One of the oldest and most common forms of artificial insemination is intracervical insemination (ICI).

Intracervical insemination (ICI) involves placing donor sperm into the vagina and directly against the opening of the cervix.  The sperm then begins its journey, fighting its way through the cervix into the uterus and fallopian tubes to fertilize the egg during ovulation.

While there are fertility clinics that provide this treatment option, the main benefit of ICI is that it can be performed independently and in the comfort of your own home.  It is also the least expensive of all artificial insemination options available.

To perform an ICI at home, it is vital that you monitor for your ovulation closely.  Most women use ovulation predictor kits (OPKs), which are available in stores and online.  OPKs indicate the level of luteinizing hormone (LH) your body is producing, which is one of the best ways to monitor your body for signs that you are about to ovulate.  A positive OPK is indicated when the test line is at least as dark, or darker, than the control line, also known as a “blazing positive”.

If you are using fresh sperm from a known donor and he is able to provide donations more than once, or you have ordered two vials of frozen sperm, it is ideal to inseminate 12 and 24 hours after your blazing positive LH surge to improve your chances of conception. 

However, if you are only able to receive one donation, then it is best to inseminate approximately 24 hours after your blazing positive LH surge, unless you know that you happen to be a woman who ovulates earlier than 24 hours after your surge.  Once you have received the sperm, it is best to inseminate as soon as possible – especially if it is fresh.

If you are using a sperm donor from a cryobank, then unwashed vials (often called ICI-ready) are preferred for ICI.  However, most sperm banks state that washed vials (often called IUI-ready) are acceptable for ICI as well. ART vials or IVF-ready vials are not advised for home insemination, as there is a substantially lower sperm count in such vials.  Unwashed vials contain sperm donations where the semen is intact and included, while washed vials have had the mobile sperm separated and removed from the semen. The reason unwashed vials are preferred is because semen is helpful in transporting the sperm through the cervix.

Motility is another consideration when purchasing donor sperm from a sperm bank.  Motility (MOT) refers to the number of millions of active sperm per 1.0 ml vial and the higher MOT is best, but a minimum of MOT10 (which is 10 million motile sperm guaranteed) is advised for ICI.  You will also need to check your sperm bank’s FAQs page regarding MOT levels and what size of vials they sell, as a few banks sell .5 ml vials (in which case, you would need two .5 ml vials to get the full 1.0 ml MOT).

If you decide ICI is the method you want to use for trying to conceive, you will need:

  • Donor sperm (either frozen ICI-ready MOT10 or higher from a sperm bank, or fresh from a known donor)
  • Disposable syringe (no needle, with plunger at the end)
  • Instead Softcup aka Softdisc (optional, but many women swear by it)
  • Paper towel or hand towel
  • If you plan to orgasm, any items you will need to do so
  • Thirty minutes of time
  • A location where you can lie with your legs and butt elevated

If using frozen donor sperm, thaw according to sperm bank’s directions (typically let it set at room temperature for approximately 15-20 minutes and then place under your armpit to bring to body temperature) to return the contents to a liquified state.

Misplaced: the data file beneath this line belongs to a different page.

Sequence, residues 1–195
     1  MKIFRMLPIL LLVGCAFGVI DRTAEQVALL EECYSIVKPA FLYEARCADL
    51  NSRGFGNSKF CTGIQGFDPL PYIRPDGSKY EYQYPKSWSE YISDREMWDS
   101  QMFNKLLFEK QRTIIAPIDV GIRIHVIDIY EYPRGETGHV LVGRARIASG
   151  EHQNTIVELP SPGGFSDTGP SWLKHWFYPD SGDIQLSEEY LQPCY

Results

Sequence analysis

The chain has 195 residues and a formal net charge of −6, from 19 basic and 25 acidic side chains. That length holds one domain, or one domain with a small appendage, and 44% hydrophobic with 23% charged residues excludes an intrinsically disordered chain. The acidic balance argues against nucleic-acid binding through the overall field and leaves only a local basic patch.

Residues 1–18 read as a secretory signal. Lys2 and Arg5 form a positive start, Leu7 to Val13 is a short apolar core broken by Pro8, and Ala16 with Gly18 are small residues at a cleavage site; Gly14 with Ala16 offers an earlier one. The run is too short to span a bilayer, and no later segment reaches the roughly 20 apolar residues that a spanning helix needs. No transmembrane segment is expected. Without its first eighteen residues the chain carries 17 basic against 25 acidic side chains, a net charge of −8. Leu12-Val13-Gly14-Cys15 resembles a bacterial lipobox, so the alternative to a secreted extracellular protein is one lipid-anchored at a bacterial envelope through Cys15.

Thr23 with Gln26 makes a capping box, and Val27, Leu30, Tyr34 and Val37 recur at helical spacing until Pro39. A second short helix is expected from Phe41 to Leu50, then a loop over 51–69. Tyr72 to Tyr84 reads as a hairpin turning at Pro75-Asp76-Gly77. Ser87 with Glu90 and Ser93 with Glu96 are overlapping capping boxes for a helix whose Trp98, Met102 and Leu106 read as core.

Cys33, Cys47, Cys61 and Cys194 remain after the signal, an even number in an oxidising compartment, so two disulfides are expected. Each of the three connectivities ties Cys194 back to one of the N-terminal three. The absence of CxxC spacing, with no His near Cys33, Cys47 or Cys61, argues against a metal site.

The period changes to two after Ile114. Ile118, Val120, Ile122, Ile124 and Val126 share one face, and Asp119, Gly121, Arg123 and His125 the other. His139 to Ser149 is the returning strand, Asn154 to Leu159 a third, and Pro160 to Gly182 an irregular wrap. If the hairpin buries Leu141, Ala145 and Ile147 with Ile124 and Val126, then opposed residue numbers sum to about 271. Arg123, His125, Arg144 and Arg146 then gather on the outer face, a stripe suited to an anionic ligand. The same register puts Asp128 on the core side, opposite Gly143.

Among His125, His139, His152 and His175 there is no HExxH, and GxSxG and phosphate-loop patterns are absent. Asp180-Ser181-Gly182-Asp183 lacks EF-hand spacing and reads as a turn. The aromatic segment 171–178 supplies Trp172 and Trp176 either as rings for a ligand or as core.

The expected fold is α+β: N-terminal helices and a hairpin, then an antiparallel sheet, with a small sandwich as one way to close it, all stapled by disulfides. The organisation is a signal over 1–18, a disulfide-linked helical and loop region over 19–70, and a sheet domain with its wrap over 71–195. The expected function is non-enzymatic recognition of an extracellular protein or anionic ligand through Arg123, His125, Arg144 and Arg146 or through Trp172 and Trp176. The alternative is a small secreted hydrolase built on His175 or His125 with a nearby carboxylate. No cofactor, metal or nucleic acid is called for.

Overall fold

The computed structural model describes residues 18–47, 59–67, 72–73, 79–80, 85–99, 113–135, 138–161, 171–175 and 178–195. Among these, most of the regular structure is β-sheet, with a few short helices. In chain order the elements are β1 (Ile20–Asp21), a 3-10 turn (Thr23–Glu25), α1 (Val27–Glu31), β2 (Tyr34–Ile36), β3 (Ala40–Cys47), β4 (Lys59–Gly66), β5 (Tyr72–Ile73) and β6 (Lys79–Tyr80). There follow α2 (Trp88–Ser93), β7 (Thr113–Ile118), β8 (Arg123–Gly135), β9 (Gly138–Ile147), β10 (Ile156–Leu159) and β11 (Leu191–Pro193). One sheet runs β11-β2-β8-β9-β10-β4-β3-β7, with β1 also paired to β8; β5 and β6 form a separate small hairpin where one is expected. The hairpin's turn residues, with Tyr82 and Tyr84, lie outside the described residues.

If using fresh sperm from a known donor, have the donor ejaculate into a sanitized container and wait 10 minutes or until the semen liquifies.

Once donor sperm is liquified, follow these ICI instructions step-by-step:

  1. Place all supplies near where you will be inseminating, within hands reach
  2. Wash and dry your hands
  3. Relax, dim the lights, and put on music if you find it relaxing
  4. Prep the needless syringe by drawing back (sucking in air) and pushing the air out fully
  5. Slowly and gently draw the liquified donor sperm into the syringe in a single pull
  6. Lie down comfortably on your back, with a pillow under your bottom to raise your hips
  7. Check your cervix position by inserting your longest finger into your vagina
  8. Insert syringe into your vagina as far as it will go, gently aiming towards the cervix
  9. If you feel the syringe hit your cervix, back the syringe out a little
  10. Slowly express the semen from the syringe
  11. Once finished, place syringe on paper towel or hand towel
  12. If you are able to orgasm, it can be helpful for drawing the sperm in through the cervix (avoiding vaginal penetration)
  13. Remain in the lying down position for at least 30 minutes with your bottom still resting on the pillow and legs up
  14. Insert Instead Softcup (aka Softdisc) to hold sperm close to the cervix afterwards (for no longer than 12 hours max)
  15. You’re done!! Congratulations on your home insemination and best wishes for your two week wait!

An additional option for home insemination:

While not as widely available, there is an option to have an ICI or IUI performed by a midwife, either in the comfort of your own home or at their local office.  This option is appealing due to it being less expensive than working with a fertility clinic and is worth looking into.

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Donor Options is run by single moms by choice for single moms by choice, dedicated to helping educate, enlighten and empower women who are thinking about or who have decided to have a child “on their own” through donor insemination, egg or embryo donation, adoption or other assisted means.

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